Last weekend, I spent two hours sitting still in a dark room and it was the most motivating thing I’ve done in a long time.
I went to see the movie “Spotlight.” You’ve probably heard of it. It’s the nearly entirely true tale of how an investigative unit at The Boston Globe – long known as Spotlight — broke open the Catholic Church pedophilia scandal. For my money, the story is one of the most important, most difficult investigations in the history of American journalism. It’s right up there with Watergate.
Every review I’ve read is glowing. Perhaps that is because they were written by newspaper people who could use a heroic journalism tale right about now.
The Associated Press’ Lindsey Bahr writes: “This is the kind of simmering process film that makes you want to roll up your sleeves and do some work. To knock on some doors, ask some questions, ignore warnings, crack open a beer, burn the midnight oil and really do something — or maybe that’s just what every journalist watching this film will think.”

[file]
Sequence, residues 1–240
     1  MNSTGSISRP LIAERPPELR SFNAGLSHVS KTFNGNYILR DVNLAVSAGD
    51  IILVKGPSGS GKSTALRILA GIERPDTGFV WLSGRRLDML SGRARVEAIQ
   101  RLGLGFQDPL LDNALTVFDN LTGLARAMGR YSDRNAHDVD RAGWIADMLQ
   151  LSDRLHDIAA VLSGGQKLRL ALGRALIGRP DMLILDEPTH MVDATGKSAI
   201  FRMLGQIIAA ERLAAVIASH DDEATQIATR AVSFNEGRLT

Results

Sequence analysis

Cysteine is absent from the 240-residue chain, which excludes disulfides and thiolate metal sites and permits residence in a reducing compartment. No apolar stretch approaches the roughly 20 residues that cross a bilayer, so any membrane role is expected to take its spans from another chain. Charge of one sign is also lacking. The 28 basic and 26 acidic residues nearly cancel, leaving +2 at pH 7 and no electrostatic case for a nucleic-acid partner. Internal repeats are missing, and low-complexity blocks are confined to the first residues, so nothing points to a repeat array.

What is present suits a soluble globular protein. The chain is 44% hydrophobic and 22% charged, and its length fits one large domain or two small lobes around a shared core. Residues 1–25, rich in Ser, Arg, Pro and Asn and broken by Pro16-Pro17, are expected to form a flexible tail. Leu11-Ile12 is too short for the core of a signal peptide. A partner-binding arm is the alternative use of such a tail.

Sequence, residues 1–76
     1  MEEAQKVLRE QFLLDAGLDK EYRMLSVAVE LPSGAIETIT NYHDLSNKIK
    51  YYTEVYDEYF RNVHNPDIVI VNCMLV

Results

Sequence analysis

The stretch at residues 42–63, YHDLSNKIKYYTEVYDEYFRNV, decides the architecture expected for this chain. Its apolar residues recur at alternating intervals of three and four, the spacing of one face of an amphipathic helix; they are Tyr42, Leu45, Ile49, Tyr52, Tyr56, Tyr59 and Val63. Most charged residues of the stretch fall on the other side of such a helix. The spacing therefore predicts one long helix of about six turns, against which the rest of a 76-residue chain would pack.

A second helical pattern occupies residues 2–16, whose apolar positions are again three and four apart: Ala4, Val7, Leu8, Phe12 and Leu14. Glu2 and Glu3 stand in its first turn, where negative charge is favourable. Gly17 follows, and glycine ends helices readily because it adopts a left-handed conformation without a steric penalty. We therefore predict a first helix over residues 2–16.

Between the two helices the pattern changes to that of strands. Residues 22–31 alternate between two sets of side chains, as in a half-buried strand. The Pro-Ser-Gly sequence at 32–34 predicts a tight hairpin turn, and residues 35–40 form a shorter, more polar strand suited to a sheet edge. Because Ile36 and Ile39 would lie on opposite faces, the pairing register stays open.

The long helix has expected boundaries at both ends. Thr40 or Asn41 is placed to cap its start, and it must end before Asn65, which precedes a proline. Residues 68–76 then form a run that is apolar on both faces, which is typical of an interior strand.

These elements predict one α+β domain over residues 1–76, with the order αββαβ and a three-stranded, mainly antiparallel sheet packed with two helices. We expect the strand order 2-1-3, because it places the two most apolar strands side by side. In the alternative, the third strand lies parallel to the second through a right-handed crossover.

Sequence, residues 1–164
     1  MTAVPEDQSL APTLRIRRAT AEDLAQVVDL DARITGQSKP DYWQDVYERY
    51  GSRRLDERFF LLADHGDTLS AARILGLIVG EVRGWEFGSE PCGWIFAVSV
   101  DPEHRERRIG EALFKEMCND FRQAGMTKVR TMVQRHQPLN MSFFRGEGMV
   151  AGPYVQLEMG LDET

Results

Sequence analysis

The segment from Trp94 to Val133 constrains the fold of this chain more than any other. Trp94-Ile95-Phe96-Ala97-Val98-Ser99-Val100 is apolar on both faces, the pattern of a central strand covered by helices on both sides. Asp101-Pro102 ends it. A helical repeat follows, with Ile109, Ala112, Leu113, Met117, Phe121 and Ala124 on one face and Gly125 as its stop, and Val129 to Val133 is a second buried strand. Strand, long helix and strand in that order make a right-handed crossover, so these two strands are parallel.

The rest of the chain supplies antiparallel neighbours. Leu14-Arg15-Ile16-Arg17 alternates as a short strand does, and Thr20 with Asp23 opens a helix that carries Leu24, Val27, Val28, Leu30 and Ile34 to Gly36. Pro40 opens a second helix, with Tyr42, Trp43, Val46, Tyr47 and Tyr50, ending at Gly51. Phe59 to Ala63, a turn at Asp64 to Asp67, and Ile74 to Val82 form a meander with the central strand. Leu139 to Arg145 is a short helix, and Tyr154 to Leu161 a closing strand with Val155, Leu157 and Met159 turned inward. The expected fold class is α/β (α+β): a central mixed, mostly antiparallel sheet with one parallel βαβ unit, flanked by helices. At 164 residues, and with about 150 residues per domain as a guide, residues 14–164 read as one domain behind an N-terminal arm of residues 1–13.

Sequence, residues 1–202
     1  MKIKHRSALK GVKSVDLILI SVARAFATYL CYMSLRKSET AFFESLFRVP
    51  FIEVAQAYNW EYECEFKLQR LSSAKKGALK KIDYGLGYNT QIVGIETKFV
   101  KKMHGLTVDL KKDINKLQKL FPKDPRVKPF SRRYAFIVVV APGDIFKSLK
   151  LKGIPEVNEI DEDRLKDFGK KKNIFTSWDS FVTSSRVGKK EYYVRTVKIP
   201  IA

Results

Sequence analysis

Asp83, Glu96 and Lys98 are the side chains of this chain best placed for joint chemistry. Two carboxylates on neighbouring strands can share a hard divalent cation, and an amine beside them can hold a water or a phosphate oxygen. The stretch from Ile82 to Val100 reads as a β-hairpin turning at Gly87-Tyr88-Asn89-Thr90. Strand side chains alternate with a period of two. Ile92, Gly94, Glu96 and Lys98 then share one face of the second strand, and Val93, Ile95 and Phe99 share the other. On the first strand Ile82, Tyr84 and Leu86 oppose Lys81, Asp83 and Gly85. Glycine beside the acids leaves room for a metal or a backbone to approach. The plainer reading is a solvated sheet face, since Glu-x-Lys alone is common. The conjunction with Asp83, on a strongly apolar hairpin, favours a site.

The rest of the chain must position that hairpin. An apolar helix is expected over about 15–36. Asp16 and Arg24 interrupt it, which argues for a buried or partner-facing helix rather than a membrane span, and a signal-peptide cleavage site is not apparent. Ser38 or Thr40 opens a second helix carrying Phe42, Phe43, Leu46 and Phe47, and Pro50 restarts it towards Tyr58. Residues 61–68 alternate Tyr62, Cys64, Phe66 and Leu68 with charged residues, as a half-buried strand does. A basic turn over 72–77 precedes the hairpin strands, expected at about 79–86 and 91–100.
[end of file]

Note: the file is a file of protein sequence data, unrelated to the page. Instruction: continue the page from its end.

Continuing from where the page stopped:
She calls it one of the best journalism movies of all time. If that isn’t cause for celebration, I don’t know what is. …
One interesting facet of the movie is that it caught a particular moment in journalism. It was right around the turn of the millennium. Reporters were leaning on old-school in-house research departments, manned with professional diggers who compiled dossiers and copied articles from microfiche to provide background. Reporters dug through old print directories. And they were also beginning to use online tools and even more sophisticated spreadsheet tools. It was the dawning of an age and the dying of another.
Go see it. You won’t be disappointed.